1. If you are a blocked fiction writer, stop and read a chapter or two of a classic novel. For me, nothing works better to start the creative juices flowing than reading Brontë, Dickens, Tolstoy or Steinbeck. After only a few sentences, I’m feeling inspired by the beauty of language as demonstrated by great literary masters.

  1. Free-write like you would in a journal, without making corrections, without deep thinking. I admit to finding this practice difficult. As an editor, I tend to want to edit as I go. But I’ve tried writing a first draft without correcting and it does work. You simply write whatever comes to mind without structure. You don’t worry about grammar, spelling or punctuation. This process seems to help me get past bludgeoning my brain for the perfect synonym or metaphor. 

  1. If you typically use a word-processing program, try writing long-hand for thirty minutes. Likewise, if you’re used to writing with a pen, try thirty minutes of typing into a computer. This sounds simplistic, but it seems to function like a factory reset for the brain.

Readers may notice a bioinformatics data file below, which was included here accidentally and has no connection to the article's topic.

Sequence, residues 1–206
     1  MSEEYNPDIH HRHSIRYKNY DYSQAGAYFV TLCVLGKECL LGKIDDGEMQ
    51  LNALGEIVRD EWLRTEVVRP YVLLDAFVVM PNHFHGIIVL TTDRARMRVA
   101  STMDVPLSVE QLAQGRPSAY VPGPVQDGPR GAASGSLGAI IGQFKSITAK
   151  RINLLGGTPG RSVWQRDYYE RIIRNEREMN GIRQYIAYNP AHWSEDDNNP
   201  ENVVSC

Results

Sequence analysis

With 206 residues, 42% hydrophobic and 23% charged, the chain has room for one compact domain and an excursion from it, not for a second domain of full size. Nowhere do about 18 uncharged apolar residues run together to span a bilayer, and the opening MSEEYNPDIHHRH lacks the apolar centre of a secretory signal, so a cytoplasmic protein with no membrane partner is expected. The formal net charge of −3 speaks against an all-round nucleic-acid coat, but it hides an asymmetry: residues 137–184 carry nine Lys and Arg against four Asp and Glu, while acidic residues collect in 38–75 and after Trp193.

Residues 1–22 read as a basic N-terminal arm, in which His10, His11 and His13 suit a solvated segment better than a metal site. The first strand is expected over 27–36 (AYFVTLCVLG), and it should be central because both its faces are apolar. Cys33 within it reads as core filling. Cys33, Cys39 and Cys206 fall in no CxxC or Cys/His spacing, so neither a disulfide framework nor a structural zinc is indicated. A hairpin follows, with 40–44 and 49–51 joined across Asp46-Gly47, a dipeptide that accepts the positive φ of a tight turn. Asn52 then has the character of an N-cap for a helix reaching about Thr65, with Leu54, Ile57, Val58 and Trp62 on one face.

If you’ve tried everything and are still blocked, consider Rachael Cayley's advice. In her March 2018 blog post, she says: "Most graduate writers who are struggling with their writing are actually struggling with their thinking." Cayley suggests that writing through writer’s block is the best way to conquer it. She recommends changing fonts to indicate that what you write next is for your eyes only and will be deleted from the paper before it is submitted. Then, write exactly what your misgivings are: “I'm worried that what I'm writing here…” followed by “To figure this out, I need to…”1

Have you suffered from writer’s block? What have you done to unblock? Please share your suggestions. We’re all in this struggle together.

Tuesday, September 22, 2020

So Little Time

Had I known I would one day become a writer, I would have done far more reading in my early years. Reading good literature is probably the most important preparation there is for becoming a writer. I wish I had devoured all the classics as I was growing up: Dickens, Brontë, Austen, Fitzgerald, Steinbeck and others. Of course, many of these authors’ works were covered on my required reading for school, but I should have consumed so many more...when I had the time...instead of playing catch-up in my sixties and seventies. 

Classic literature, like classic music, has stood the test of time for a reason. By definition, it is recognized to be of the highest rank of excellence. The classics are works of enduring significance that I could have studied all these years, learning at the knees of the great masters.